Any body up for a challenge??

The Lumpfish Guy

Fish Crazy
Joined
Nov 22, 2018
Messages
390
Reaction score
208
I'm just saying these methods are not set in stone (law), they are experimental
I think you have a poor grasp of what experimental actually means.

*thump, thump thump* Is this thing on??

Holy smoke, kids. @Chad's right. Here. You're welcome.
I'm not debating chlorine/ chloramine removal

The OP suggested an experiment, on an animal/animals which has the potential to cause suffering or harm, in their house as a "Challenge"
This is not a topic to be bandied about as a challenge.
I may seem like a fanatic about this but it is serious and legally and morally important.
That is where I held my objection.
 
OP
itiwhetu

itiwhetu

Fish Herder
Joined
Apr 29, 2012
Messages
1,114
Reaction score
715
Location
Hokitika, New Zealand
Hi firstly I would like to thank everyone who has contributed to this post. It is great to see there is passion out there.
It is a shame it has been tarnished and is now not a happy place to come for any of us. If someone wants to start a new post around the original subject ( Dechlorinating ) that would be great and I will be happy to contribute.
Just remember we all experiment all the time, this is not an exact science. And the more aggressive your approach to fish keeping and the advice you give, the more experimental you will be seen to be being from the outside community.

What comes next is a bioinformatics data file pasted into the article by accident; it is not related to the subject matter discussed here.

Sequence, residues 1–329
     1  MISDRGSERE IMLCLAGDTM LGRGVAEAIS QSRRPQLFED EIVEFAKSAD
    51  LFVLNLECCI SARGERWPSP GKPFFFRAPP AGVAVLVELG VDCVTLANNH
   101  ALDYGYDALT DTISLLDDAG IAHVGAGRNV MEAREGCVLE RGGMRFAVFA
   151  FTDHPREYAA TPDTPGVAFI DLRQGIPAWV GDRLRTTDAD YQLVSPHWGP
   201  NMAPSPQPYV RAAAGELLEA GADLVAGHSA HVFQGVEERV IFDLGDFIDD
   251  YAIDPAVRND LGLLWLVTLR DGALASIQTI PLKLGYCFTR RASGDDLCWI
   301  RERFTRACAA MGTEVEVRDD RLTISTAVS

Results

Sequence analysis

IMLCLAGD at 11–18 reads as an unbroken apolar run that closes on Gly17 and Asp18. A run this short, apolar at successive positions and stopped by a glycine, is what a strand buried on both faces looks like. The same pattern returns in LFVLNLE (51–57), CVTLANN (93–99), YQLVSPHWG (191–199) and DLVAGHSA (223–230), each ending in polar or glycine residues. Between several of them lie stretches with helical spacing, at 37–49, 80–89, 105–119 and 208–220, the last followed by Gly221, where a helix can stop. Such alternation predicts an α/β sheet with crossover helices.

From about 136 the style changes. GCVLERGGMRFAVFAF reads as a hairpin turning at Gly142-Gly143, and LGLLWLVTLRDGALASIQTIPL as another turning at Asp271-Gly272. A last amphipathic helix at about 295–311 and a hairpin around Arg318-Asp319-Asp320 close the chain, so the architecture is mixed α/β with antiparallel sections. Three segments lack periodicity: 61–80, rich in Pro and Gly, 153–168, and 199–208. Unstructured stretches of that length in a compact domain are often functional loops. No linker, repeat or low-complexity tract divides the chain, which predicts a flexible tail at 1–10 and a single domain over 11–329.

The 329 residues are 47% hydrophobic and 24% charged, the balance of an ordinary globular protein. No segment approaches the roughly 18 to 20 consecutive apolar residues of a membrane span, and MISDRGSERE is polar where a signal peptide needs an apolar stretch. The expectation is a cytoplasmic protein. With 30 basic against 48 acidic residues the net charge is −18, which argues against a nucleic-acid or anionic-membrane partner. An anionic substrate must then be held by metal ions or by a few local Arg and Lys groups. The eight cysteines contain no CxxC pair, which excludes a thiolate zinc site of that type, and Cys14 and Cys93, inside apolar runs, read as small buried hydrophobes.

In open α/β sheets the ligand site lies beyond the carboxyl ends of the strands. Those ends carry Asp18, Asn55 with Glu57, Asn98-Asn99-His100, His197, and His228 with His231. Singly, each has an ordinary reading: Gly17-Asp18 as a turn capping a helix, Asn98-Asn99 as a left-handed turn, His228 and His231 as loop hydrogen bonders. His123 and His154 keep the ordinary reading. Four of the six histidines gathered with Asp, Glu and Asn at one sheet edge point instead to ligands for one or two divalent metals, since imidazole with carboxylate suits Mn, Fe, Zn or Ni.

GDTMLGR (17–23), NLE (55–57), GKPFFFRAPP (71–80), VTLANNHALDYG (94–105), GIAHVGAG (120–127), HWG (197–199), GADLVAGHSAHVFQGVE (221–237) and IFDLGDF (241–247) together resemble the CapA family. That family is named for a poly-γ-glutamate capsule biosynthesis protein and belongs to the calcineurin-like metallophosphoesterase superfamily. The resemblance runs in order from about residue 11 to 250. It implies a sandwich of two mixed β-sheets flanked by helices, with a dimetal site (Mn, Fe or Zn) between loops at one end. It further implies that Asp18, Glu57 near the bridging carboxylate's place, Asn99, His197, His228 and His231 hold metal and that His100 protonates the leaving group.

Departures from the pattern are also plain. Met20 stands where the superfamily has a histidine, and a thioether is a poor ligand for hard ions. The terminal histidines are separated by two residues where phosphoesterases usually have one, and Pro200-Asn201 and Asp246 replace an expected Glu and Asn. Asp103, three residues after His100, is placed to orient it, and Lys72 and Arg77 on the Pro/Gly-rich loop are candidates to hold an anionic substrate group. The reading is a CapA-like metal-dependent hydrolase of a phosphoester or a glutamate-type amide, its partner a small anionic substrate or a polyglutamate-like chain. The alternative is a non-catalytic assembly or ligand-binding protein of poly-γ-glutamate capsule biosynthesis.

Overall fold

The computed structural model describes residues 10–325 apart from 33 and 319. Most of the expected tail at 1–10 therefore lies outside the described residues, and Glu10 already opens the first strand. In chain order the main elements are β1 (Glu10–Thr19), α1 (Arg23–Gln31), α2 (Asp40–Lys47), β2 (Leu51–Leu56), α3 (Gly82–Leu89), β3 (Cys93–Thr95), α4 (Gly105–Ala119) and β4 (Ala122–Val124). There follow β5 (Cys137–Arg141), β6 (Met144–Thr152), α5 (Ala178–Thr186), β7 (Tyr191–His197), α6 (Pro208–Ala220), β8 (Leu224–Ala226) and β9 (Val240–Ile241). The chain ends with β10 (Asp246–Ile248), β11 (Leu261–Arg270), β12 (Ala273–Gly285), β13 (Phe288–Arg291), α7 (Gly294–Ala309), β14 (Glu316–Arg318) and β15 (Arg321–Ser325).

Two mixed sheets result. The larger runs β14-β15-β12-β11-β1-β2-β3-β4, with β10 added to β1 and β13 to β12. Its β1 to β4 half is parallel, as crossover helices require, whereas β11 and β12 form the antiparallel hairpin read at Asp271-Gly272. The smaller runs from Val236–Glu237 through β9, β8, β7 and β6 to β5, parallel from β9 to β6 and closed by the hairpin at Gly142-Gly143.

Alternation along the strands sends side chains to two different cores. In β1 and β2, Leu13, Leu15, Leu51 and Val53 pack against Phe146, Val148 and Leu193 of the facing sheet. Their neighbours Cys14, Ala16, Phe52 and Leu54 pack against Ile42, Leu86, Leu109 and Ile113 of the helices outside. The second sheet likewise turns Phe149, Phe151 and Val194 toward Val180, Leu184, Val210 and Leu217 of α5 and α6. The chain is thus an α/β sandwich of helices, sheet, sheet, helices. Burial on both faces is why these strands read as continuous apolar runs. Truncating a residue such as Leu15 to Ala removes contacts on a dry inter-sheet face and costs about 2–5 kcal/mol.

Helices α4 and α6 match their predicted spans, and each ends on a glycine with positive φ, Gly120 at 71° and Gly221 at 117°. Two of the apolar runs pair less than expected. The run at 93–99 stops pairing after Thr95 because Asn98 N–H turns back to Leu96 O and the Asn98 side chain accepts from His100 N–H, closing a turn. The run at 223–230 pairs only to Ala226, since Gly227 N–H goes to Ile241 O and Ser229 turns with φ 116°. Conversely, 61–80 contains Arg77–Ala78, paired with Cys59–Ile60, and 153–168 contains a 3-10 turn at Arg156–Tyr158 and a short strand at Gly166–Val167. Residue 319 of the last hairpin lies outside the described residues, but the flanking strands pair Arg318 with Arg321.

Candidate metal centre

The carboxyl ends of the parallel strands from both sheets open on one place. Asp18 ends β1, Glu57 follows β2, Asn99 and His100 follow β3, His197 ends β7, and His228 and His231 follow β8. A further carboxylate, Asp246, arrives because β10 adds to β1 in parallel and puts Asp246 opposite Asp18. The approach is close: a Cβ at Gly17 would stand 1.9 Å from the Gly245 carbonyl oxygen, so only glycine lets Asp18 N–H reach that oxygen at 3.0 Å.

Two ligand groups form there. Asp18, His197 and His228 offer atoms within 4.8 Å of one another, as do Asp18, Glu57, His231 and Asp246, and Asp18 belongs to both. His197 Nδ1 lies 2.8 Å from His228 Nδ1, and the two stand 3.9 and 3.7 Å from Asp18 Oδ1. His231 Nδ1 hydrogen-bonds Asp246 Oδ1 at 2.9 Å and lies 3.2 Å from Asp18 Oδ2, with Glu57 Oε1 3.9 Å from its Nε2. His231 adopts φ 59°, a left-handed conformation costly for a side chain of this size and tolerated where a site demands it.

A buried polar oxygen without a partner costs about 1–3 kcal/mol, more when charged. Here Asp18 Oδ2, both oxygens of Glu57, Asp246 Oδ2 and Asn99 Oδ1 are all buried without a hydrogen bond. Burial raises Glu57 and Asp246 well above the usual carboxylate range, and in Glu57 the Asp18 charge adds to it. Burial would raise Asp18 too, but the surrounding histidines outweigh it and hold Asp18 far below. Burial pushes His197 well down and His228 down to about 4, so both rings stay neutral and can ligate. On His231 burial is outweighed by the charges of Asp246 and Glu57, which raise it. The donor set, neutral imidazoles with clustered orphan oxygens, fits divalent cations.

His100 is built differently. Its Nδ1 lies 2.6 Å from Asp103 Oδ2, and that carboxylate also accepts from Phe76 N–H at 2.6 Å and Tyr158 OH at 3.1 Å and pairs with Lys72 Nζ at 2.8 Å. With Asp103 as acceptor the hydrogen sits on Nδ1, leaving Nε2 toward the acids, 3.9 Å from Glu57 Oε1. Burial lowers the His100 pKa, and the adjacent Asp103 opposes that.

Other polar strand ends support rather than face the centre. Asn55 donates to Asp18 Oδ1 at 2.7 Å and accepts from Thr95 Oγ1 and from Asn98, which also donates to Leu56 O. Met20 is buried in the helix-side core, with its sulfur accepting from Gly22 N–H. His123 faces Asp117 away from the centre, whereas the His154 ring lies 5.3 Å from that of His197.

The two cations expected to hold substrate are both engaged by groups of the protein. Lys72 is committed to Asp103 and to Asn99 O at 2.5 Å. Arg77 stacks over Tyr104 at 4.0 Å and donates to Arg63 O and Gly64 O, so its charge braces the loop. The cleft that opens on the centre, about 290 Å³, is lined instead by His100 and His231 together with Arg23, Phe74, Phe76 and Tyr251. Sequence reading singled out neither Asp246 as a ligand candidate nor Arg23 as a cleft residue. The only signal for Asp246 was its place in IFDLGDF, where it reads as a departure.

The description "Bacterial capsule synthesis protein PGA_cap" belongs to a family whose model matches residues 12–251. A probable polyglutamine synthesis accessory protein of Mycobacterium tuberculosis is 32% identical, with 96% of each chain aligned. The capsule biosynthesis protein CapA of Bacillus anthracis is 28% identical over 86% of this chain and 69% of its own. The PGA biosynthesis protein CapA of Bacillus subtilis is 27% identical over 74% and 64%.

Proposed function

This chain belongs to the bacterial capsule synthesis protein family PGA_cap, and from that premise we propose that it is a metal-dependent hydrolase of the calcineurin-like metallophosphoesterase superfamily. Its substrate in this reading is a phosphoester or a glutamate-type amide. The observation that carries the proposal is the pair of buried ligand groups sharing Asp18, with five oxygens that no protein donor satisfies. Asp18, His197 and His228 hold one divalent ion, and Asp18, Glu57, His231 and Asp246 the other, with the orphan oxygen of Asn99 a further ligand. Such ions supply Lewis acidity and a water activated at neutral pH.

OP
itiwhetu

itiwhetu

Fish Herder
Joined
Apr 29, 2012
Messages
1,114
Reaction score
715
Location
Hokitika, New Zealand
Forgive me, because I'm a chemistry dunce - but even if we left the environmental impact aside (which we shouldn't) it wouldn't even work for hard water in the long term, would it? Only from my little research and discussion with you and @essjay about my hard source water (253ppm) with a KH of 10, and wanting a softer water tank for my otocinclus, even if I used organics like peat, driftwood, almond leaves etc, while they would help, my KH would buffer this and bring the water back to a harder GH, causing fluctuations each time I did a water change.

I don't think it's as easy as making any water soft, unless the KH is low enough for the organics to actually reduce the GH ? Or maybe I'm just confusing myself even more here :unsure:
Do a google search reducing gh hardness. One option is peat.
 

AilyNC

Fish Herder
Joined
Aug 4, 2020
Messages
1,938
Reaction score
2,488
Location
Ireland
Interesting debate here. Overall I think it's quite civil - disagreeing is normal. The issue of animal law wouldn't apply to fish keeping in your home & whether you let water stand, don't use Conditioner or use lots of sold additives.

My only input really is this - the thread is full of anecdotal evidence & it's not needed when you have research & evidence on the subject already out there. Some good scientific links in this thread. I would advise sticking to what is proven & tested to be safe as that's the most ethical approach & one supported by science.
 

AdoraBelle Dearheart

Fish Gatherer
Joined
Jul 22, 2020
Messages
2,916
Reaction score
4,096
Location
UK
Do a google search reducing gh hardness. One option is peat.